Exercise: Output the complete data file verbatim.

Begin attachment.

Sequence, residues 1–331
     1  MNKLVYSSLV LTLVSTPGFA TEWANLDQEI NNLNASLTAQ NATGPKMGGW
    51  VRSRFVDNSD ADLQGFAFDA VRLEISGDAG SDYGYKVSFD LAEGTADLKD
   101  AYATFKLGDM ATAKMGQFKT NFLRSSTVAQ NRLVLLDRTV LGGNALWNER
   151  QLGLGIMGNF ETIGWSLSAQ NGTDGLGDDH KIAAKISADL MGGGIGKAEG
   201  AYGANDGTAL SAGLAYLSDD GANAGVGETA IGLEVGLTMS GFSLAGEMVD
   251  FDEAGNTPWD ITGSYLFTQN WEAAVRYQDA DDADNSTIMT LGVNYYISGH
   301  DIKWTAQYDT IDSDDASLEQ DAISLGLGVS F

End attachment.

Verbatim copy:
Sequence, residues 1–331
     1  MNKLVYSSLV LTLVSTPGFA TEWANLDQEI NNLNASLTAQ NATGPKMGGW
    51  VRSRFVDNSD ADLQGFAFDA VRLEISGDAG SDYGYKVSFD LAEGTADLKD
   101  AYATFKLGDM ATAKMGQFKT NFLRSSTVAQ NRLVLLDRTV LGGNALWNER
   151  QLGLGIMGNF ETIGWSLSAQ NGTDGLGDDH KIAAKISADL MGGGIGKAEG
   201  AYGANDGTAL SAGLAYLSDD GANAGVGETA IGLEVGLTMS GFSLAGEMVD
   251  FDEAGNTPWD ITGSYLFTQN WEAAVRYQDA DDADNSTIMT LGVNYYISGH
   301  DIKWTAQYDT IDSDDASLEQ DAISLGLGVS F